As Ed Moloney noted on RTE’s lunchtime news (26 mins in) today, this is a statement ending the campaign, not the right of the IRA to prosecute war against the British. Nor does it indicate a restructuring of the IRA into an old boys association. That would take an Army Convention. There is no evidence from this statement that such has taken place.What it does say is that IRA arms are to be dumped. That there will then follow a deal that should seal all or some of those dumps. And that IRA volunteers “have been instructed to assist the development of purely political and democratic programmes through exclusively peaceful means”. Effectively, to jump ship from the IRA to Sinn Fein?
For good measure the clause the governments wanted in December to cover criminal activity, appears now to have been appended with: “Volunteers must not engage in any other activities whatsoever”.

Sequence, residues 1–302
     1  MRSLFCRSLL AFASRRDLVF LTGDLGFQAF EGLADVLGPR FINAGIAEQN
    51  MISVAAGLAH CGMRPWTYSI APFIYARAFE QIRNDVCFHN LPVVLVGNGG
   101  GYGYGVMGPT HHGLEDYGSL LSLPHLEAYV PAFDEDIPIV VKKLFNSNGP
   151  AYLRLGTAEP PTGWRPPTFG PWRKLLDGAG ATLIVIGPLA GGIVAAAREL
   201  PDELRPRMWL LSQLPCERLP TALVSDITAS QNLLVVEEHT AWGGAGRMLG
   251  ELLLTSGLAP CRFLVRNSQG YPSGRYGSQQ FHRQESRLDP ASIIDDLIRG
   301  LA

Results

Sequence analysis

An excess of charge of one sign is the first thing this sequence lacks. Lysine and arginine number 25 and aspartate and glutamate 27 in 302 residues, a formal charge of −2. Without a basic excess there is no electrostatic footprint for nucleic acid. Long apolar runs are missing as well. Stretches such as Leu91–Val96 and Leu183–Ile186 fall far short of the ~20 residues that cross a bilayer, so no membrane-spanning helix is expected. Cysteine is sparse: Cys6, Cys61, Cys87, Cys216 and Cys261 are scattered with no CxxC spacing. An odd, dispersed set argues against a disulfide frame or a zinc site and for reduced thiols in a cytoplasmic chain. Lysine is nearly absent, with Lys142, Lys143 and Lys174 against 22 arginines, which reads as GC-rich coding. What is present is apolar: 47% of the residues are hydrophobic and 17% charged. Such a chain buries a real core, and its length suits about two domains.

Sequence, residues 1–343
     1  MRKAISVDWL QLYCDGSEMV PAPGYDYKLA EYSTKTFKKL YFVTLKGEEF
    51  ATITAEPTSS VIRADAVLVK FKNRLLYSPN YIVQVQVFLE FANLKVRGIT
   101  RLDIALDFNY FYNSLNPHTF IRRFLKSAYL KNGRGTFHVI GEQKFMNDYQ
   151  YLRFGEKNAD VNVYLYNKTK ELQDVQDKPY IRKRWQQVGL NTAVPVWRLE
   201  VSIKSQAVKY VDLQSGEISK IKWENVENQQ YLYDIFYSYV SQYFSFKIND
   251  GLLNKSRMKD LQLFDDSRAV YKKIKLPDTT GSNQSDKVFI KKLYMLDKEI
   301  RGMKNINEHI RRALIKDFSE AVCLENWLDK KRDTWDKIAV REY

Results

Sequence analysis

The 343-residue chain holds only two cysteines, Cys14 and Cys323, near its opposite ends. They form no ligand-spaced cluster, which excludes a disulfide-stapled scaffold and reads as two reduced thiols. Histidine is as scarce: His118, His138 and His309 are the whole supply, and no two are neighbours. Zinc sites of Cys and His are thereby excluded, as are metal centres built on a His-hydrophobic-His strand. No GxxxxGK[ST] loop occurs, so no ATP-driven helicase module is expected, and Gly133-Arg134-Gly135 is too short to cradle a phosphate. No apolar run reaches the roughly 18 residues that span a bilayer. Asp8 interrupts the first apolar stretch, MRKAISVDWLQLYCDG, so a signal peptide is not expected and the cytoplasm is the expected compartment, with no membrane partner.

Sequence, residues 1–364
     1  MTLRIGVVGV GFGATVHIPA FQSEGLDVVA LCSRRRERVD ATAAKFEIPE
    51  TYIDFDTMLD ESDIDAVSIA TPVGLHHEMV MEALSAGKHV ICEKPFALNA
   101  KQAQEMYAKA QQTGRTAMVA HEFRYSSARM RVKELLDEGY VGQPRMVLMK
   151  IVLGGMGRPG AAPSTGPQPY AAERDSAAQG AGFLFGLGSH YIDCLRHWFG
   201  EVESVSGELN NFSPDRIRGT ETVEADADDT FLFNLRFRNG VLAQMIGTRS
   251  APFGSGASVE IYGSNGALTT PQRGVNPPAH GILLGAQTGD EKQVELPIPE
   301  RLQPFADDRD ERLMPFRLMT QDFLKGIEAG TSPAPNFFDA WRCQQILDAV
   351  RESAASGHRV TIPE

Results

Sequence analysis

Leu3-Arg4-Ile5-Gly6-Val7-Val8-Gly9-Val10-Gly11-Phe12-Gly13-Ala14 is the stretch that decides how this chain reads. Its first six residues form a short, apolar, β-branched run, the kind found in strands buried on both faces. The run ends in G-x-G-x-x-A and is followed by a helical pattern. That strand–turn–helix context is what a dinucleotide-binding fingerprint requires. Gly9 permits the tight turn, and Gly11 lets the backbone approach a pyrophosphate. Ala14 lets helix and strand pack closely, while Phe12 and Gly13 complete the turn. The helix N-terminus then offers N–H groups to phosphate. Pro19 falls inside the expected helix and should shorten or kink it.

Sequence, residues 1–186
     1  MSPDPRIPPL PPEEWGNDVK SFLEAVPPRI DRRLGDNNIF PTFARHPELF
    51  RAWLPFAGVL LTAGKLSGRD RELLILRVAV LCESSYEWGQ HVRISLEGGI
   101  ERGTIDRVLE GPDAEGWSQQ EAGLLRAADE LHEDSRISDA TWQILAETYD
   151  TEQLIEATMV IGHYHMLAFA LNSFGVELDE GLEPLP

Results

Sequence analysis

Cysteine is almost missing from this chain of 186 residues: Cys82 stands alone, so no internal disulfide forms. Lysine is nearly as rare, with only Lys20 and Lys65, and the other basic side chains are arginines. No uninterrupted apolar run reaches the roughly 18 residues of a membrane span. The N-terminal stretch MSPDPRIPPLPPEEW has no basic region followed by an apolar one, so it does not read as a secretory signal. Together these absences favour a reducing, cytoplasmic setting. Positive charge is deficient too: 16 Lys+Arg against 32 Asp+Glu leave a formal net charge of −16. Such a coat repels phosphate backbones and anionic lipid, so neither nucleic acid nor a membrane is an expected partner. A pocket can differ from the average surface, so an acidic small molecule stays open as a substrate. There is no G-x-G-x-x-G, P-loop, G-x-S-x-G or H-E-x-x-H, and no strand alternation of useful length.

No specific reference to policing, but no pejorative reference to the PSNI either. Indeed the relevant paragraph seems to pass the responsibility for the defence of Catholic neighbourhoods to ‘society’. Vague, yes. But it would seem to clear the way for the acceptance of a legitimate police force.
And it would appear that the IRA is now finally prepared to sign up to the principle of consent:
The IRA is fully committed to the goals of Irish unity and independence and to building the Republic outlined in the 1916 Proclamation. Our decisions have been taken to advance our republican and democratic objectives, including our goal of a united Ireland. We believe there is now an alternative way to achieve this and to end British rule in our country.
In short the statement looks like a tacit agreement to do what Unionists thought the IRA was already signed up to do within two years of the Belfast Agreement. Then, however, David Trimble decided to jump first and let the IRA follow in its own time.
Now the promissory note will have to be fulfilled entirely before Sinn Fein can expect any reciprocation from its new prospective dance partner in Northern Ireland – Ian Paisley and the DUP.
And so the party continues…
Mick is founding editor of Slugger. He has written papers on the impacts of the Internet on politics and the wider media and is a regular guest and speaking events across Ireland, the UK and Europe. Twitter: @MickFealty